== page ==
Does Psychotherapy Work?
In a word, yes.
Psychotherapy works to increase and deepen self-understanding, change behavior for the better, and reduce suffering and all the other symptoms ascribed to psychiatric disorders. Not everyone is helped, but most are significantly benefited, at as high or higher a rate as that provided by any other form of care. There has been little doubt about this fact for a long time among the millions of persons who have engaged in psychotherapy. However, it may now also be counted as a very well-established scientific fact.
The experience of many thousands persons in psychotherapy has now been carefully studied in well-controlled scientific studies.
For some overviews of this research, see http://www.apa.org/practice/peff.html, and http://counsellingresource.com/types/effectiveness.html. For a large study particularly addressing the point of view of the clients themselves, see the discussion of the Consumer Reports study at http://horan.asu.edu/cpy702readings/seligman/seligman.html.
The findings that emerge from all of this research are very interesting. They include:
- The benefits of psychotherapy, as contrasted to no treatment or control treatments, are highly significant statistically and clinically
- The benefits are at least as great as those shown to come from psychiatric medications, when the two have been compared.
- Long-term therapy is more powerful than brief therapy, although the latter is effective also.
- Therapy is as helpful for children as it is for adults.
- Group therapy and family therapy are as powerful as individual therapy.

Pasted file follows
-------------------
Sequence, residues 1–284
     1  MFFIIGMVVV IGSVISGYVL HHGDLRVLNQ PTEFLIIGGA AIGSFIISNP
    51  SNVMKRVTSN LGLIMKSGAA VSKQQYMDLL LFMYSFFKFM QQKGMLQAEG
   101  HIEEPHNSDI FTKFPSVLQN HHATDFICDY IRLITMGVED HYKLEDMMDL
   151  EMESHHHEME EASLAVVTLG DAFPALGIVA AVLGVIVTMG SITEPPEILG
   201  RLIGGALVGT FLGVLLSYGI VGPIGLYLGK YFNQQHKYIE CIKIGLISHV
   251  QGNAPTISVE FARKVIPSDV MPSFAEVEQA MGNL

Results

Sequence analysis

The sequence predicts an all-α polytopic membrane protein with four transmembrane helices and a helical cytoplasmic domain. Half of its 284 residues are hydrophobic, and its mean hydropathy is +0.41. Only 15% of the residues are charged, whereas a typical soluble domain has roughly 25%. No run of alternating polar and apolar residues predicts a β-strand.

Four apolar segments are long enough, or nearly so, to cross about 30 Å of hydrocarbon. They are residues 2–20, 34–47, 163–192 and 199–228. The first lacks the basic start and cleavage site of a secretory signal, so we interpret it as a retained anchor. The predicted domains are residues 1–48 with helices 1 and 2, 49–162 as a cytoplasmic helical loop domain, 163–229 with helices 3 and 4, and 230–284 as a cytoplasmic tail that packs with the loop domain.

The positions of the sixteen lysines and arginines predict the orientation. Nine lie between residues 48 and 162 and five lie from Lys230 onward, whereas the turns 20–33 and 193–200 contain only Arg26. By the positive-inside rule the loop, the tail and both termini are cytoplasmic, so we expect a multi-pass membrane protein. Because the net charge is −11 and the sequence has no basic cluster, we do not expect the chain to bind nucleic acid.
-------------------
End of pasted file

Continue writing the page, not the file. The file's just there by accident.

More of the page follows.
- Therapy works as well for conditions that are more serious as it does for less serious conditions. For example, benefits were as great for clients diagnosed with “clinical depression” as for those diagnosed as having milder depression.
- The stability of benefits over time after the treatment has ended is quite high for most persons, and much higher than for treatment by medication alone.
- The theoretical orientation of the psychotherapist is not very important in determining outcome.
- However, there are characteristics of therapists as persons that are very important. For example, the more effective ones are better able to establish good relationships, are warmer and more empathic, engage their clients with more energy and clarity, support reasonable risk-taking, and are more expert and well-trained.
- The most important variables affecting the usefulness of therapy actually have to do with the client. Remember the light-bulb joke? (How many therapists does it take to change a light bulb? One. But the bulb has to want to change). It helps to be suffering acutely, to be willing to explore inner experience, and to be willing and able to engage in interaction with others.